The title track “Rome” closes the country side and sums up where The Do Good Assassins are headed:
“Through the long nights of ruin/To the mornings made of gold/We rise and we fall that way in Rome.”
Decadence. Decay. Reset and repeat. If “Rome” is where Hawkins is headed, it’s very much worth the trip.
This ain’t Ron Hawkins’ first rodeo.
- Some weird and wonderful gift ideas Tis the season that all the newsrooms around the nation are getting inundated with a flurry of press releases offering great gift ideas.
- What to get the book-lover on your holiday list But here's a great suggestion: books! Books are cost-effective. They're like taking a trip without going anywhere. They give and give again, and they're share-able. What more could you want to give?
- DOUBLE TROUBLE: The awesome power of words -- sort of I'm sure this comes as no surprise -- look at what I do for a living, after all -- but I'm a firm believer in the power of words. Their power to illuminate. To make people feel. To make them think.
- BOOK NOOK: Brooklyn's Commonplace Books is an indie publishing start-up, with a couple of novels now distributed. By the looks of their website, they seem to be doing moderately well with sales. However, it is from a more unlikely source that the press has found the majority of its fame - their creepy, spine-tingling, fun-for-all-ages podcast, "Welcome to Night Vale."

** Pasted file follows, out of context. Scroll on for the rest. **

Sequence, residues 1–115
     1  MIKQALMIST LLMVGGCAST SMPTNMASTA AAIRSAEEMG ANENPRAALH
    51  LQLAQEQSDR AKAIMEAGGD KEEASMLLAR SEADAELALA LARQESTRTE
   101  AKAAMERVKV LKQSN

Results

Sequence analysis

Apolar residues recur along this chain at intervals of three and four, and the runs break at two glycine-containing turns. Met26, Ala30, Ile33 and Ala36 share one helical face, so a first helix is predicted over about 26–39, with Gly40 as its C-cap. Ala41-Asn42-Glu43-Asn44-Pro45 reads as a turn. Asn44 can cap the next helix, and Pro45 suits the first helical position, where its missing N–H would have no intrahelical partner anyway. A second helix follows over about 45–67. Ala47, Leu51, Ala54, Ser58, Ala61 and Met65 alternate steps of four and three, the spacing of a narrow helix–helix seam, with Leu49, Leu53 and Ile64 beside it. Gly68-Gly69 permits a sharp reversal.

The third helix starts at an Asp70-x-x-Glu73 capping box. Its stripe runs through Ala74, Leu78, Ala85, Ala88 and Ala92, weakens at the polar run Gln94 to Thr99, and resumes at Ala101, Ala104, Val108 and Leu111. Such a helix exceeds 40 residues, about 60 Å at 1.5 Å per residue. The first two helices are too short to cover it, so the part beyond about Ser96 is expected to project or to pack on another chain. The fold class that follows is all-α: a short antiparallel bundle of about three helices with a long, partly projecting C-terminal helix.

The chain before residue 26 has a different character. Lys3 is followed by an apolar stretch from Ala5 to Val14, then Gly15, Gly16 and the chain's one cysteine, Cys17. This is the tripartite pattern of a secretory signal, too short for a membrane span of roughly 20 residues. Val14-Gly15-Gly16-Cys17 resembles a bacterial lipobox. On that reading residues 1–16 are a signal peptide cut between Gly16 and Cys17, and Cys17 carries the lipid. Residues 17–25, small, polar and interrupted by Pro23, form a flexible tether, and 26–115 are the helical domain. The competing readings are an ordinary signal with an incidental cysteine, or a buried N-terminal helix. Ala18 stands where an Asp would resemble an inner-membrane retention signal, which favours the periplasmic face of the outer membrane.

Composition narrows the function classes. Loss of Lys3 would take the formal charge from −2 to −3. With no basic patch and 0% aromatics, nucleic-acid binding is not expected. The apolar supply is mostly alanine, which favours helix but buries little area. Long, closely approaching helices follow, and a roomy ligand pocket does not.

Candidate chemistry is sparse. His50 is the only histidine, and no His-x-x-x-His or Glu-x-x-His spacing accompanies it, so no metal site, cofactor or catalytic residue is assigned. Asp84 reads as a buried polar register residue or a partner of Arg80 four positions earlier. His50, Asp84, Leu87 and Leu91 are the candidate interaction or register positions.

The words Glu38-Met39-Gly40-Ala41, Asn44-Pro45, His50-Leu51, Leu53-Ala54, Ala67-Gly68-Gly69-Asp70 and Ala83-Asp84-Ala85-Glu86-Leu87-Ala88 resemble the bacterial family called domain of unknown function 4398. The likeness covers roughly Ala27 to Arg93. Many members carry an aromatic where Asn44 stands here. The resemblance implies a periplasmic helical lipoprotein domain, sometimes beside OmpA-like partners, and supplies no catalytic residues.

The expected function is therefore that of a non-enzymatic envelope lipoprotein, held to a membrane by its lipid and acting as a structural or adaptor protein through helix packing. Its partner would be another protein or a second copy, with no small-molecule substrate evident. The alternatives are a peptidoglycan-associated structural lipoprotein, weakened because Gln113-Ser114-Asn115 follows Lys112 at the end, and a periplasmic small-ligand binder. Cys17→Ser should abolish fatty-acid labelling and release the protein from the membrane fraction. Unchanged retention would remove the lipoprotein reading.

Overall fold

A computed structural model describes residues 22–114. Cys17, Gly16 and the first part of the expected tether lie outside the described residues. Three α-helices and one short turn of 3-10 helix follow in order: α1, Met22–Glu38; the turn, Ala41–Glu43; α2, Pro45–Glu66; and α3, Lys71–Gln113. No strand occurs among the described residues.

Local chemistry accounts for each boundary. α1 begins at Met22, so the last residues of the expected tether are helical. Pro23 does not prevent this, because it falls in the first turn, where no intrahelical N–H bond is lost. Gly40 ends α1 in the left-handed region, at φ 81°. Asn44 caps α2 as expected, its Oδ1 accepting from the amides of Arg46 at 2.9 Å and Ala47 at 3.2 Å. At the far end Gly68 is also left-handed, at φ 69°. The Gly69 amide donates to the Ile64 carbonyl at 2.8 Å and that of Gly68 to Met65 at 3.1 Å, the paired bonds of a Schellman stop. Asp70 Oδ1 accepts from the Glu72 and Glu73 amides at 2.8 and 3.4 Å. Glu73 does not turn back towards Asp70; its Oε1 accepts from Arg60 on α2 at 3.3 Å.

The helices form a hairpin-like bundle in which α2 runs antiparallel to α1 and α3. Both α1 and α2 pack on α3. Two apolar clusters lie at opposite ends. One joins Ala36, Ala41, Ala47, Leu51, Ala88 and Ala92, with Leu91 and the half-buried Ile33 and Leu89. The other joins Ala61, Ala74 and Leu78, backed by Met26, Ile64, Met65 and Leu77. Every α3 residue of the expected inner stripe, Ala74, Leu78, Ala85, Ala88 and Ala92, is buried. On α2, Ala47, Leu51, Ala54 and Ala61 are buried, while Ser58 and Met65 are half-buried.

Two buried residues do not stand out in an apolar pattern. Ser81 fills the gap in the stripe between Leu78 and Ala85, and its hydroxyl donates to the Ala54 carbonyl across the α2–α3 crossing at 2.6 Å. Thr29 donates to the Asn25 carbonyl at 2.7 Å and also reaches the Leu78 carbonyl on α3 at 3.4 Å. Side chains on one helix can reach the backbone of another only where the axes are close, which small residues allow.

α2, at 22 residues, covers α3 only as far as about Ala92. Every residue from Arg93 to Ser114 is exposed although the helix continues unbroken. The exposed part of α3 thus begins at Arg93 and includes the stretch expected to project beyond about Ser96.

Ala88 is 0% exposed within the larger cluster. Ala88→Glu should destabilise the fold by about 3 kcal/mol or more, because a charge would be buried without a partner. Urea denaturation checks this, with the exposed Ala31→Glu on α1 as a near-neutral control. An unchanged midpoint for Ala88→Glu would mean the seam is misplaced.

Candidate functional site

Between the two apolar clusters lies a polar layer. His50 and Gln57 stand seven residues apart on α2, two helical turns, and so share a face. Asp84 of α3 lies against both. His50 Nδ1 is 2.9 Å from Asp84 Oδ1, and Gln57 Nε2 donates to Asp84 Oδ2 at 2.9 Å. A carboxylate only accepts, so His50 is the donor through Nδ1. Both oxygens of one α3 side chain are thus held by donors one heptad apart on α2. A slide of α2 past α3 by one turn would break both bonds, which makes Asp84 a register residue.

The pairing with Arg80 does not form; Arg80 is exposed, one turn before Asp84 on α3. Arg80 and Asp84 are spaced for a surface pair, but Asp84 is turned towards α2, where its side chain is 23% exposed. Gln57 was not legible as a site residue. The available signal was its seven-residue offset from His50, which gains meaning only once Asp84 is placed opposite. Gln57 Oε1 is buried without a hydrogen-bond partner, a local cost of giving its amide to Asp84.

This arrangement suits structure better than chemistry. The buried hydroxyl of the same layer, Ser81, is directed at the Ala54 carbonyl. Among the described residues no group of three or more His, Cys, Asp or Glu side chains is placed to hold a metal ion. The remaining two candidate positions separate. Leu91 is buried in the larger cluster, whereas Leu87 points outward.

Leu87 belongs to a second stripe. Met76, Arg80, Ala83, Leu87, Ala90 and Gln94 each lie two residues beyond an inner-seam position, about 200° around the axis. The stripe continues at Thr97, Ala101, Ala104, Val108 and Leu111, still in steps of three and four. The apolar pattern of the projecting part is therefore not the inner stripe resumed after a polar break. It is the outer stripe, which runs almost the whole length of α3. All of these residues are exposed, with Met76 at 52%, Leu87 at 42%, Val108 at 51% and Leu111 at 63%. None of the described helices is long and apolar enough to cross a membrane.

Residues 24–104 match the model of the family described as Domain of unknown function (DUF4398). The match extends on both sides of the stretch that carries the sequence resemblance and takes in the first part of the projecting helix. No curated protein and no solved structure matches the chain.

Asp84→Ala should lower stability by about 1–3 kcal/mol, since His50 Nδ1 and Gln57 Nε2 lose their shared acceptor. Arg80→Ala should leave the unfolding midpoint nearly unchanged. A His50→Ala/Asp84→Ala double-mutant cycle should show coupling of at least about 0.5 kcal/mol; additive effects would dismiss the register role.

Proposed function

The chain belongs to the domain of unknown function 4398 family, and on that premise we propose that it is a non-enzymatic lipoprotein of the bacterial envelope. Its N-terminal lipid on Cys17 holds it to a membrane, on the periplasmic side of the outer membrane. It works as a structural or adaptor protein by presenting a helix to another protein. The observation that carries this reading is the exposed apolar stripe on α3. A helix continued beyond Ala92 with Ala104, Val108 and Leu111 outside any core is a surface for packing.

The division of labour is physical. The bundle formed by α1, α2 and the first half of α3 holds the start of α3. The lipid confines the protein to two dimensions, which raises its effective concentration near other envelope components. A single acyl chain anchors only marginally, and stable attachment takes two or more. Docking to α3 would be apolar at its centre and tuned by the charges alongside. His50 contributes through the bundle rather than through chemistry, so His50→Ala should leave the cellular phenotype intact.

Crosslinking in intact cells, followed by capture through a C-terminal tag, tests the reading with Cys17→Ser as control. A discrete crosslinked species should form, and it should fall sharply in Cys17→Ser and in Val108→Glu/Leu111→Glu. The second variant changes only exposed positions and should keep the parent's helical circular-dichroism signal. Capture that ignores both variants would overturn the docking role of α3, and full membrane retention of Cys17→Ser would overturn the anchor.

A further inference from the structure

- SIMPLY GLUTEN-FREE: Try these kid-friendly gluten-free tips This recipe for gluten free crispy chicken wings uses many of these tips. Choose a gluten-free barbecue sauce that is not too spicy for the kids and I think you will find this recipe is a winner for everyone.
- Idioms highlighted at Project 308's first photo exhibit In more than a year of operation at the small gallery space on Oliver Street, the Project 308 Gallery hasn't played host to solo exhibit entirely comprised of photographs. All of that will change Friday when Buffalo State College photography student Kristen Snyder takes over the gallery's walls with 20 of her "quirky," perhaps humorous, photographs are part of her senior thesis show, "Don't Take Things So Literally."
- MUSIC NOTES: The day Lennon died not to be forgotten
- PINSPIRED: Don't eat the yellow snow (dough) Cloud dough is a Pinterest favorite. I see it a lot in the "kids" category, in every scent from "cotton candy" to "eucalyptus" (really), purporting to be like the commercial Moon Dough, but cheaper and easy to make at home.
- Three local nurses share memories of nursing school. They'll never forget nursing school. They consider themselves lucky to have survived it.â€©â€©But, they have always delighted in remembering the stories, such as struggling to give a bed bath to an unresponsive patient who, it turned out, had already died. Then there was the cadaver dropped by several young nurses-to-be as they tried to carry it down stairs during a power outage. Then there was the problem with the mislaid girdle ...
- FIT FOR LIFE: Strategies to help avoid common holiday pitfalls During the last month of the year it's easy to fall victim to the sweet treats and rich, fatty foods made available to celebrate the upcoming holidays. Here are some ideas on how to avoid putting on the pounds this season:
- More Features Headlines